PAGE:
LOS ANGELES -- Bob Welch realizes there's no chance he'll overhaul Hank Aaron and his record 755 major league home runs. Welch is a pitcher. He just doesn't play enough.
Welch broke up a scoreless pitching duel with Mario Soto in the sixth inning Friday night by hitting his first career home run, lifting the Los Angeles Dodgers to a 1-0 victory over the Cincinnati Reds.
Soto had held the Dodgers to two hits and allowed only one runner as far as second base on an error before Welch hit a 1-1 pitch into the left field stands.
Welch recorded his fifth victory against six losses by tossing a six-hitter for his third complete game and third shutout of the season.
But it's the homer people will remember.
'I can't recall ever hitting a home run,' Welch said. 'I may have had one in Little League. I don't think anyone was more surprised than I was. I didn't watch the ball go out, I just hit it and started running. I hadn't hit a ball that far in my life.
'My job is pitching. I take pride in trying to hit, but pitchers only get a few swings and hitting is difficult for me. I'm happy as hell the ball went over the fence. In fact, I would have been real happy just to get on base.'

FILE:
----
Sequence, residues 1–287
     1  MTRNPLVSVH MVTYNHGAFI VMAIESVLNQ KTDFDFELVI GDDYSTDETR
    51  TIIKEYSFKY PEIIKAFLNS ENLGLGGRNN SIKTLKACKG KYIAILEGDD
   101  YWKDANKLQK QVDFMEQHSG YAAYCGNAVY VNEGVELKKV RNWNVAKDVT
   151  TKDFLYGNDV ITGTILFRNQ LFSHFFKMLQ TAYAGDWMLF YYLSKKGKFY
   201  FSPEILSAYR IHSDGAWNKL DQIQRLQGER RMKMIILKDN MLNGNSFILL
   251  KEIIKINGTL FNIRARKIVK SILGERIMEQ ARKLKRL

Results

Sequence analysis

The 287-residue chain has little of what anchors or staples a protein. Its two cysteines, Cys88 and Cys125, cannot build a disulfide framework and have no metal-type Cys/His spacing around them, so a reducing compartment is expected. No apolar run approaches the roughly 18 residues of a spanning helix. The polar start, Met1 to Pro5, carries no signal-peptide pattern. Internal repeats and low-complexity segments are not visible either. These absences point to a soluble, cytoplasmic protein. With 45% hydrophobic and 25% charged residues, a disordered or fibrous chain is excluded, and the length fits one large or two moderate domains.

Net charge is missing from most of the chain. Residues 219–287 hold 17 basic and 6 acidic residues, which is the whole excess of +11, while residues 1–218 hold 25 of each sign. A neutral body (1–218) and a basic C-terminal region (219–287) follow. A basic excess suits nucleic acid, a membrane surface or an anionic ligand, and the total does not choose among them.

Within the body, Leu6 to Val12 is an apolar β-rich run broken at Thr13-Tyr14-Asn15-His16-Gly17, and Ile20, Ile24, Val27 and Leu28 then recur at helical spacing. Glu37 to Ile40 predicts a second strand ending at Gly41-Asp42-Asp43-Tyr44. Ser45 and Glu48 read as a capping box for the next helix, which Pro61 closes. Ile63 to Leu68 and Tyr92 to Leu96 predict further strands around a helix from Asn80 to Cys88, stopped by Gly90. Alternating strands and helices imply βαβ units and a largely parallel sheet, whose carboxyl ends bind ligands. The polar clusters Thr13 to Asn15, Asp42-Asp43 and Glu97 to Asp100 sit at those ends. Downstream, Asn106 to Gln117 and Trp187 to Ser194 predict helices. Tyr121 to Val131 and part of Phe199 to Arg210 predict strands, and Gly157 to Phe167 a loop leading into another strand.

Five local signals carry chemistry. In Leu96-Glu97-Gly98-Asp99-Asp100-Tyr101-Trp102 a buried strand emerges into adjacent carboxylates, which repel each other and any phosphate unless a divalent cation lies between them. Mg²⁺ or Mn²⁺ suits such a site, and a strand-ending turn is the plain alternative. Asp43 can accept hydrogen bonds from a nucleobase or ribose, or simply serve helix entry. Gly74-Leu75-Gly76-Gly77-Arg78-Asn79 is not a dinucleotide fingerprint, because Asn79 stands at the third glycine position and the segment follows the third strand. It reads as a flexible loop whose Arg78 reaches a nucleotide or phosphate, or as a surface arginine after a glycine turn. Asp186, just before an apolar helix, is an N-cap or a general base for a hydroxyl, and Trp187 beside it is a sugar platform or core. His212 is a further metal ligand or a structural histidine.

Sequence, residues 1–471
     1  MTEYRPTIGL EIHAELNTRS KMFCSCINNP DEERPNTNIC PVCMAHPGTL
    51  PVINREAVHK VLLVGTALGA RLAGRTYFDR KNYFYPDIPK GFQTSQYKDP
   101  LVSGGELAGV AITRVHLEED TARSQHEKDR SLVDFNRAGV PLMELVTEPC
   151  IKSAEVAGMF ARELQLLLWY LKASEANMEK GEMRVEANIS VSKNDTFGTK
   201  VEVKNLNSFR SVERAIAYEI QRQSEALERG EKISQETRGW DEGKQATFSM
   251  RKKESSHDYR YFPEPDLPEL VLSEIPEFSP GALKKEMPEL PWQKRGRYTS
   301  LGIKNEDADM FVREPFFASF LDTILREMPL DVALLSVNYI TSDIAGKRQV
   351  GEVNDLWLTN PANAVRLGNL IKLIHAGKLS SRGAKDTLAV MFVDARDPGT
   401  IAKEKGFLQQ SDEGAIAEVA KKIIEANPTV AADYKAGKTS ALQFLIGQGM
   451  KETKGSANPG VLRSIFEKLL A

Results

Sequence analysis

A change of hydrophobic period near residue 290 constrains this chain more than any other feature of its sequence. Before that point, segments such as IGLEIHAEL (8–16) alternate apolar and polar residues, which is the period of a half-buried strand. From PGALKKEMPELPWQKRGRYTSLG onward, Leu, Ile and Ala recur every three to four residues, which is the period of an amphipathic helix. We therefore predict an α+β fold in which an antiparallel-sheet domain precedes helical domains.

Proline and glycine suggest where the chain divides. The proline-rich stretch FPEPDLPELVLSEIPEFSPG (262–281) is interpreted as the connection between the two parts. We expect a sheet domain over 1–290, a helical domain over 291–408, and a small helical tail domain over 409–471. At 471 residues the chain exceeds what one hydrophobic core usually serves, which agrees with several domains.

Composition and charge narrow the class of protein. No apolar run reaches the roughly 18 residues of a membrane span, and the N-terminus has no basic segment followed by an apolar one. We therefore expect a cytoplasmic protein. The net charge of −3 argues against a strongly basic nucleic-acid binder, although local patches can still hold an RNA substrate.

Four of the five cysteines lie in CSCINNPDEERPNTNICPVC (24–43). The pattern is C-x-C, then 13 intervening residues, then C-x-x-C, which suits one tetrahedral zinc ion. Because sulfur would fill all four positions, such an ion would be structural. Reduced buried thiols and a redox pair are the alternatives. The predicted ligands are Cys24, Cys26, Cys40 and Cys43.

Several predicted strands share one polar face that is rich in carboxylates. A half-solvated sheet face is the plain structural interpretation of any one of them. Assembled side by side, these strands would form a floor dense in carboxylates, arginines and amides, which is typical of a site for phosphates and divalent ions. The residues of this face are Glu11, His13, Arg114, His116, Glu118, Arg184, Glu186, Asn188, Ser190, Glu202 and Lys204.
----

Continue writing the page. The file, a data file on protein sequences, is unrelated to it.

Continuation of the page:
Welch then proceeded to virtually guarantee he'll never hit another homer, unless it's off a pitcher who can't read.
'The only time I can get a hit is when they throw the ball inside, and he threw it there,' the honest Welch said.
Soto, who beat Los Angeles at Cincinnati last week 3-1 in another battle with Welch, allowed only five hits and struck out eight in slipping to 8-5.
'It doesn't matter how you lose, 1-0 or 7-6, it's whether you win or lose,' said Soto. 'The pitch to Welch was a fastball, the same as I threw to everyone else. But he hit it. It was not a bad pitch.'
The Reds got their best scoring opportunity in the fourth inning when Duane Walker and Paul Householder singled and Wayne Krenchicki walked to load the bases. But Alex Trevino flied out to end the threat.
'Soto pitched a real fine game, but so did Welch,' said Cincinnati manager Russ Nixon, who watched his hapless Reds fall to 27-37 and deeper into the National League West cellar. 'We made one mistake and the ball got hit out.
'We're going to have to fight our way out of our slumps. We've been getting good pitching, but we're not scoring any runs. But we'll come out of this.'